The Geology of England and Wales: With Notes on the Physical Features of the Country

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G. Philip & Son, 1887 - Geology - 670 pages
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Page v - Wales,' by Conybeare and Phillips, filled 531 pages; and only the first part of that work was published. The aim of the present work is to afford a book of reference, useful not only to students of the scientific aspect of the subject, but also to engineers and others in its practical applications." On the question of Nomenclature and Classification Mr. Woodward observes that, in the absence of a definite scheme formulated on the part of the International Geological Commission, the classification...
Page 517 - During the excavations it became clear that the bones had been greatly disturbed by water action, that the stalagmite floor, in parts more than a foot in thickness, and massive stalactites had...
Page 583 - ... in a horizontal or nearly horizontal direction, following the sweep of the hillside whether curved or straight. The boundary line between these several strips may have been originally only a mathematical one, connecting, say, two mere-stones, and yet a bank will soon have been formed along it. For each upper cultivator will naturally have taken care not to allow the soil of his strip to descend to fertilize his neighbour's below. He would draw the lower limit of his strip by a reversed furrow,...
Page 22 - Now does this mean that it may have been two, or three, or four hundred million years ? Because this really makes all the difference.
Page 255 - interstratitied with ordinary clays containing a large amount of the oxides of iron, and also organic matter, which by their mutual reaction, gave rise to a solution of bi-carbonate of iron, that this solution percolated through the limestone, and removing a large part of the Carbonate of Lime by solution, left in its place Carbonate of Iron ; and not that the rock was formed as a simple deposit at the bottom of the sea.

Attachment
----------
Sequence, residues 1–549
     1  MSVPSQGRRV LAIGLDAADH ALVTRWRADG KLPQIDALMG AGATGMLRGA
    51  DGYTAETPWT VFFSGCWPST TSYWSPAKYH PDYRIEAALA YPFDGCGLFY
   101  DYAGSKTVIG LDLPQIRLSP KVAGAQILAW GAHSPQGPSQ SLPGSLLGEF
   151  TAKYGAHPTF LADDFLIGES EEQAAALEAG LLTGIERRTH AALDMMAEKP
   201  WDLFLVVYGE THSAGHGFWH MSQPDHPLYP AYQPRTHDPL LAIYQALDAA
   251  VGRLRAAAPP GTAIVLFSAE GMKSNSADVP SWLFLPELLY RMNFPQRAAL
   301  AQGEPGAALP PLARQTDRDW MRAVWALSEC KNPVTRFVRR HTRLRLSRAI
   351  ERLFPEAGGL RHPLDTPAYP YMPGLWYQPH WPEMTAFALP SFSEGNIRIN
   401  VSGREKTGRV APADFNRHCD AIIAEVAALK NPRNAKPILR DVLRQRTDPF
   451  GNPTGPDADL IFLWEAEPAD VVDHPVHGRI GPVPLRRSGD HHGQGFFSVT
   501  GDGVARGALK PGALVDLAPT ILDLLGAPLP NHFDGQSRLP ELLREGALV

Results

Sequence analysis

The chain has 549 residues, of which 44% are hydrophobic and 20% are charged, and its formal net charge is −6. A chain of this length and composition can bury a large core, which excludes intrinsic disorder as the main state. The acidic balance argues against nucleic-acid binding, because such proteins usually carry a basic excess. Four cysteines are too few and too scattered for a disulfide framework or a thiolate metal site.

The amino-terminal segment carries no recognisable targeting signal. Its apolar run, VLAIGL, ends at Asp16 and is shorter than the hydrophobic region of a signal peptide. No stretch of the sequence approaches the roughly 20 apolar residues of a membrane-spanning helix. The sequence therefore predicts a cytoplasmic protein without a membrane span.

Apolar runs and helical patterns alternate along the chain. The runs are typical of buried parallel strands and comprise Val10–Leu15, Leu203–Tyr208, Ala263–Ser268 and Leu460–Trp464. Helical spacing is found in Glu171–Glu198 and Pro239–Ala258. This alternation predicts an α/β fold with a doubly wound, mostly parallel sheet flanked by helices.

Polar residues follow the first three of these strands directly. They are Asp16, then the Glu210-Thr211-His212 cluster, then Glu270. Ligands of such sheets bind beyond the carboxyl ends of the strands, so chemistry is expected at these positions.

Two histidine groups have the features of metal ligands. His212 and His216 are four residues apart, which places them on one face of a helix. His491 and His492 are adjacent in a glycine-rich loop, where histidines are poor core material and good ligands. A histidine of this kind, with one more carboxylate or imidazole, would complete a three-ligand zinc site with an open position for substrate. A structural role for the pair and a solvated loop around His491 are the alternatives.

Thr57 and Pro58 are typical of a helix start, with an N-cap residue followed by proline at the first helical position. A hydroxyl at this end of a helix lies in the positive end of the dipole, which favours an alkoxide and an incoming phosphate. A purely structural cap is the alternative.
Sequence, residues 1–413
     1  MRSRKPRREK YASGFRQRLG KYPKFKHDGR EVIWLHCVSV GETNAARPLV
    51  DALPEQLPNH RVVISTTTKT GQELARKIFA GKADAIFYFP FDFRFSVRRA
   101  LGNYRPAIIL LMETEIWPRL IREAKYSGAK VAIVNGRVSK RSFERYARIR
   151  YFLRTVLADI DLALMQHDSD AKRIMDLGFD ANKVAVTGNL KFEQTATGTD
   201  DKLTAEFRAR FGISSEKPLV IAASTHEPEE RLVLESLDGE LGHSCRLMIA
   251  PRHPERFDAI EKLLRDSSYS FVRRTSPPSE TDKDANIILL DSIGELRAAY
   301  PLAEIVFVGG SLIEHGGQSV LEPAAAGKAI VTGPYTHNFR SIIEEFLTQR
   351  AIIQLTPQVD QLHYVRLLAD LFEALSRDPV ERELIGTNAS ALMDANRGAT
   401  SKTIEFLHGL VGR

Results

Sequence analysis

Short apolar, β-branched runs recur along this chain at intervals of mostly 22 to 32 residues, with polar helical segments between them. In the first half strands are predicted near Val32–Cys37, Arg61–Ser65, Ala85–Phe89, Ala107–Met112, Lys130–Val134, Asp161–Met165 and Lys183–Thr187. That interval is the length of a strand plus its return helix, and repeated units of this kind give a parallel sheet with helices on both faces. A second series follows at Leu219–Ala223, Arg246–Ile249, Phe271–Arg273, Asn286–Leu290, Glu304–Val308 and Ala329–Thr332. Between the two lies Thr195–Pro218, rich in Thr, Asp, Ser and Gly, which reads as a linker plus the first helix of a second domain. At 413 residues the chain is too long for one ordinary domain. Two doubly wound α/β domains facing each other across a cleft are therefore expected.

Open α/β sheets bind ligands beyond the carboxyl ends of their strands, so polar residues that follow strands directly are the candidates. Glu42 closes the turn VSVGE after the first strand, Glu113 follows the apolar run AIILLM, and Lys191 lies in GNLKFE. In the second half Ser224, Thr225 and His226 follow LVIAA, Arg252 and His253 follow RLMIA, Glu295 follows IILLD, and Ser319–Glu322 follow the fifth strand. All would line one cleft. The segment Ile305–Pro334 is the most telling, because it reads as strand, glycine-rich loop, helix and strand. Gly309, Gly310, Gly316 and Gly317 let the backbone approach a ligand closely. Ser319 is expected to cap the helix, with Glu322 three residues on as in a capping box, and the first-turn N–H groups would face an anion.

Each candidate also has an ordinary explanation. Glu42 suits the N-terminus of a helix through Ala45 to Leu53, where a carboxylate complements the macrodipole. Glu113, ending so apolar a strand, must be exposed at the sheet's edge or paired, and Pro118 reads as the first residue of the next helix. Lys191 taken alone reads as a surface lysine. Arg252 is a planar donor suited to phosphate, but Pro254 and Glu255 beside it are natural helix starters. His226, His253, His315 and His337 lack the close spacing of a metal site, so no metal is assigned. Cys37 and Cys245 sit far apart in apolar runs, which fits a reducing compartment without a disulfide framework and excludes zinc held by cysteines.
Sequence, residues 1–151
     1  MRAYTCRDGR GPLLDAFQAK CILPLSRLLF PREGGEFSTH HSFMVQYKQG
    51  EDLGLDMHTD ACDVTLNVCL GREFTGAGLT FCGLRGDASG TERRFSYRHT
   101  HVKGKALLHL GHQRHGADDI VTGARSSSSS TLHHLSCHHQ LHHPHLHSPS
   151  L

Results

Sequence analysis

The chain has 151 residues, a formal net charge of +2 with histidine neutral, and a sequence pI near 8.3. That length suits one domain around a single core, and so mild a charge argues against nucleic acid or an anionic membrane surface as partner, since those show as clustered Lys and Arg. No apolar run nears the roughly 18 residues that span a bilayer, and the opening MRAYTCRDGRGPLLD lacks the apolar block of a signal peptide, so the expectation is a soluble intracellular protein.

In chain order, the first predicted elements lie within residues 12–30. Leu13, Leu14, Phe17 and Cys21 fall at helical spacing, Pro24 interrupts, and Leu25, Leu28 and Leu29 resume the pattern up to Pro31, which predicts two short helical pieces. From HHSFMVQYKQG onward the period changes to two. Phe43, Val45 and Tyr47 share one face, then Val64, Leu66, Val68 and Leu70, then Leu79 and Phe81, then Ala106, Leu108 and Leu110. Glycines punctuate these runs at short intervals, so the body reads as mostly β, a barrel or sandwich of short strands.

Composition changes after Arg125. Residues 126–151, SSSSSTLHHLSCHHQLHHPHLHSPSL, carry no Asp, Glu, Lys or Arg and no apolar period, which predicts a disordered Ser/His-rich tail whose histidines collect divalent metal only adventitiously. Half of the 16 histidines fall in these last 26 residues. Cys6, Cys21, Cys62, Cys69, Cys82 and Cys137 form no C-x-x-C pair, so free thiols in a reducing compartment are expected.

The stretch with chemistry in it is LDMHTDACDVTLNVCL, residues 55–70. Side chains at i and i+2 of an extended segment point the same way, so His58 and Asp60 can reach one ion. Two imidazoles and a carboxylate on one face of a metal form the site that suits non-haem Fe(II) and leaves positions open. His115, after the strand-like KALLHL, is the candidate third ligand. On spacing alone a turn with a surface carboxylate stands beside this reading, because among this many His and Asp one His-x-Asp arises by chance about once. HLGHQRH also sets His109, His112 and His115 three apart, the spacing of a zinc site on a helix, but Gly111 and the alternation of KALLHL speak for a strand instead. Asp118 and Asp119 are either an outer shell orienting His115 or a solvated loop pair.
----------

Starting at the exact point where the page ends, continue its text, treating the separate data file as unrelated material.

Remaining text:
Page 280 - The deposit worked for slates is sometimes only a foot in thickness, but it generally consists of two fissile beds of a buff-coloured or grey oolitic limestone called pendle, each about two feet thick, separated by a bed of loose calcareosiliceous sandstone called race, about the same thickness.
Page 358 - Red Chalk, which seemed to favour this view, is due to the northerly attenuation, which is shared by nearly all the Secondary rocks of Lincolnshire. Moreover, the Carstone rests on different members of the Tealby group, and presents a strong contrast to them in lithological character, and in being, except for the derived fauna, entirely unfossiliferous. It is composed of such materials as would result from the " washing
Page 483 - Totnes, a little town so mingled with the country that it is difficult to say where the one ends and the other begins.
Page 428 - I may state that they are of the same nature as the igneous rocks of part of the Lower Silurian region of North Pembrokeshire, of Caernarvonshire, and of the Llandeilo flag district of Montgomeryshire, &c., west of the Stiper Stones.
Page 422 - II. 186l'. simple — the gravel head is removed, and a large rectangular pit is sunk, which is supported by wood. The workmen cut out the clay in cubical lumps weighing about 30 Ibs. each, and fling them from stage to stage by means of a pointed staff ; it is then carried, to the clay cellars, and when properly dried sent to the potters.

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